My two remarkable and resilient children have been beyond supportive of this organization’s growth. Daniel has been consistently selfless in his willingness to allow me to share stories from his life that are deeply personal, and potentially subject to derision. His hope is that someone might benefit from his, and our, experience. I do not have words to express my gratitude for his life, and his life in recovery. Like so many people who have trudged the same road, he could write volumes about what he has learned about courage and grace. And Anna, my hero, astonishes me every day in her journey through a life that has thrown obstacles in her path that would take down giants. Someday I hope to be half the woman she is today. She was my brainstorming buddy on many a road trip as she helped me to imagine what this organization could become.

Michael, the best “was-band” ever, has been an ambassador for Be a Part of the Conversation since day one. He believed in and helped to create the vision, facilitated many breakout groups, often served as our photographer, and shlepped food, tables and chairs in our early years. He continues to be a resource for other parents who are where he was all those years ago.

Work life became exponentially better when Judy Hirsh joined Be a Part of the Conversation in 2018 as the Program Director and became my sister-from-another-mister. Her life experience and passion for increasing awareness about substance use have been invaluable to our growth. Kara Schwartz joined the family last fall as our Communications Manager, taking our marketing and outreach to the next level with her fresh and imaginative perspective. And after a decade of informally providing advice and guidance, local therapist, Mike Blanche became our Clinical Advisor earlier this year. I am deeply indebted to these remarkable co-workers and friends, and their unlimited creativity and innovation.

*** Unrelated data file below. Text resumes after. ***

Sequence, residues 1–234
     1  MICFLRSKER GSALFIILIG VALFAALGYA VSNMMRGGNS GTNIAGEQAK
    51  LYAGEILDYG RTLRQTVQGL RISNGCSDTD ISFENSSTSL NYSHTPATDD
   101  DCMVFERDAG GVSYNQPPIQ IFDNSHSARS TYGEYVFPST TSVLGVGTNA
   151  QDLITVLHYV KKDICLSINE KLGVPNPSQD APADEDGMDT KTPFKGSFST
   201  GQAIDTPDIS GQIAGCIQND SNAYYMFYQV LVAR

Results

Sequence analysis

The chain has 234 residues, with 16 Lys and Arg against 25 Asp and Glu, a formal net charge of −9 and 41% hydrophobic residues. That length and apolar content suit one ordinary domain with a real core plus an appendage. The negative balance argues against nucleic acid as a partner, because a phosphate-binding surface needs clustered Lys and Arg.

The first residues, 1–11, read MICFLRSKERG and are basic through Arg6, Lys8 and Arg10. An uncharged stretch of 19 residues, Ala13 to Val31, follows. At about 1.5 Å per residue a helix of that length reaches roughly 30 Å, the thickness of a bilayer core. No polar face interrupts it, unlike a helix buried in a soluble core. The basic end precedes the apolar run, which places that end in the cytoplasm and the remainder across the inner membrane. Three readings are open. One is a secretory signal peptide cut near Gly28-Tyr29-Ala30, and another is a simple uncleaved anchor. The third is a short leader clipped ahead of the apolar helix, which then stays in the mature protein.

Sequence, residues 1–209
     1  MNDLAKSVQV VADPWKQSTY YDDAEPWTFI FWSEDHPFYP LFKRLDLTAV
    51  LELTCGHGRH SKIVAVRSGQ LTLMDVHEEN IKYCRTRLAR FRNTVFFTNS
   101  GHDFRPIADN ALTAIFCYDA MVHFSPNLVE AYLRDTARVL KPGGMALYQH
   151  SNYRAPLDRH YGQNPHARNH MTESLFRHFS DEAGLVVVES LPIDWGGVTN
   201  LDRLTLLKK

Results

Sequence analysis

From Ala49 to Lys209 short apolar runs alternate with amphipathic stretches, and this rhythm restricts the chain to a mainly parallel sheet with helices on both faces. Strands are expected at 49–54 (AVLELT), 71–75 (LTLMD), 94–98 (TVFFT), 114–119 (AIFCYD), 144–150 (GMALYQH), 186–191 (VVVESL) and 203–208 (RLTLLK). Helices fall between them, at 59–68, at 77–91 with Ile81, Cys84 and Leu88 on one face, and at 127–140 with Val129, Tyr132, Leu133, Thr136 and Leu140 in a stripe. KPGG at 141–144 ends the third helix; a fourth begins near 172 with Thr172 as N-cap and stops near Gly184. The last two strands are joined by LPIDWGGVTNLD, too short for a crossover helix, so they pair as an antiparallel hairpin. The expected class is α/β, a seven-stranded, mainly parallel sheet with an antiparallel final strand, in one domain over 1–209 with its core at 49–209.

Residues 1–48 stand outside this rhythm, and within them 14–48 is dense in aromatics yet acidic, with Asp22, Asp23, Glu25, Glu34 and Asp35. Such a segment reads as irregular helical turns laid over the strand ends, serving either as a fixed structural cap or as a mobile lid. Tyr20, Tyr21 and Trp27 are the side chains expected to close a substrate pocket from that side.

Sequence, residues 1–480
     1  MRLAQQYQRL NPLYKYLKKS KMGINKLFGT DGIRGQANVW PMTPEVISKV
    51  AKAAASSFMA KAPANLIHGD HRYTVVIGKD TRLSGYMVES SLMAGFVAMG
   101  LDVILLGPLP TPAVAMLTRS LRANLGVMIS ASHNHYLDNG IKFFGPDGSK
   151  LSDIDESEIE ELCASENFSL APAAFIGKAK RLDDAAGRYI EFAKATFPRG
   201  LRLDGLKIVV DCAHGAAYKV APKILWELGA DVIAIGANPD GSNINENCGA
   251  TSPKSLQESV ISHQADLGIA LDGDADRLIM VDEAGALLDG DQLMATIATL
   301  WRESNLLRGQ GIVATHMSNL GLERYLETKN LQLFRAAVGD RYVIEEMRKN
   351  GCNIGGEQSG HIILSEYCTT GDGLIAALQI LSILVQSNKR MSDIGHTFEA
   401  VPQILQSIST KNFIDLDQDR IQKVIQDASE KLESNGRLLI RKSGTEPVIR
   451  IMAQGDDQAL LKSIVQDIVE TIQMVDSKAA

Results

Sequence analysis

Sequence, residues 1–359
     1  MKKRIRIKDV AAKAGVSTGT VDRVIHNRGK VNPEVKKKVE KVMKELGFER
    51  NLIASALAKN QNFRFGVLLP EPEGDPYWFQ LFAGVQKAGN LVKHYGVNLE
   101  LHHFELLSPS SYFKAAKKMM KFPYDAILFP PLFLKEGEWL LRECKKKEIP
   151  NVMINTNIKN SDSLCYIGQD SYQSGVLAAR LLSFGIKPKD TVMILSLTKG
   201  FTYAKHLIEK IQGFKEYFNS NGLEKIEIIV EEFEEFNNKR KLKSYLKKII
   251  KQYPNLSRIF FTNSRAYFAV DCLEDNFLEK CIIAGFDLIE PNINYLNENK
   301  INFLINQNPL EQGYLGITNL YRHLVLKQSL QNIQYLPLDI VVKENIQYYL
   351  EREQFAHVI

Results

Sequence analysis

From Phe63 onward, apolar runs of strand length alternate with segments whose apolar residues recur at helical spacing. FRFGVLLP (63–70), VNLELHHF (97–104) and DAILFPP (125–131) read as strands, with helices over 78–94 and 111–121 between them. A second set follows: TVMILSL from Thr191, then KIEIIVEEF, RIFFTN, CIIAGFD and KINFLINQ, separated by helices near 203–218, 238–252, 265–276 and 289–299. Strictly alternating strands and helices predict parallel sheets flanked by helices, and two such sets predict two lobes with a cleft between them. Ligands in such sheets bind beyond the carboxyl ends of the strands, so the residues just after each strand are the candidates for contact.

If Be a Part of the Conversation were a boat, Judy, Kara and Mike would be the sails that keep us moving forward. Our Board of Directors, past and present members alike, would be the rudder, consistently steering us in the right direction with their sites on a future that is bright and unafraid of rough seas. And our tireless volunteers and professional consultants would be the life rafts that are launched on a daily basis, providing families in crisis with hope for calmer days ahead.

Remember all those stars that lined up and helped my son to find recovery, and me to find my life’s work? That isn’t normal. We shouldn’t have to experience a magical alignment of celestial beings to find help for addiction. My greatest wish is that Be a Part of the Conversation provide a bridge to all the gifts that await the families who are still in the dark.

If Be a Part of the Conversation has accomplished anything in our first 10 years, I hope it is this: that those who have a substance use disorder, and the families and friends who love them, know they are not alone, believe that they are valuable and vital and deserve our compassion, and feel welcome to access this big, beautiful world of recovery from addiction that is out here waiting for them.

With love and gratitude,
Kim Porter, CFRS
Executive Director, Be a Part of the Conversation

Kim Porter, CFRS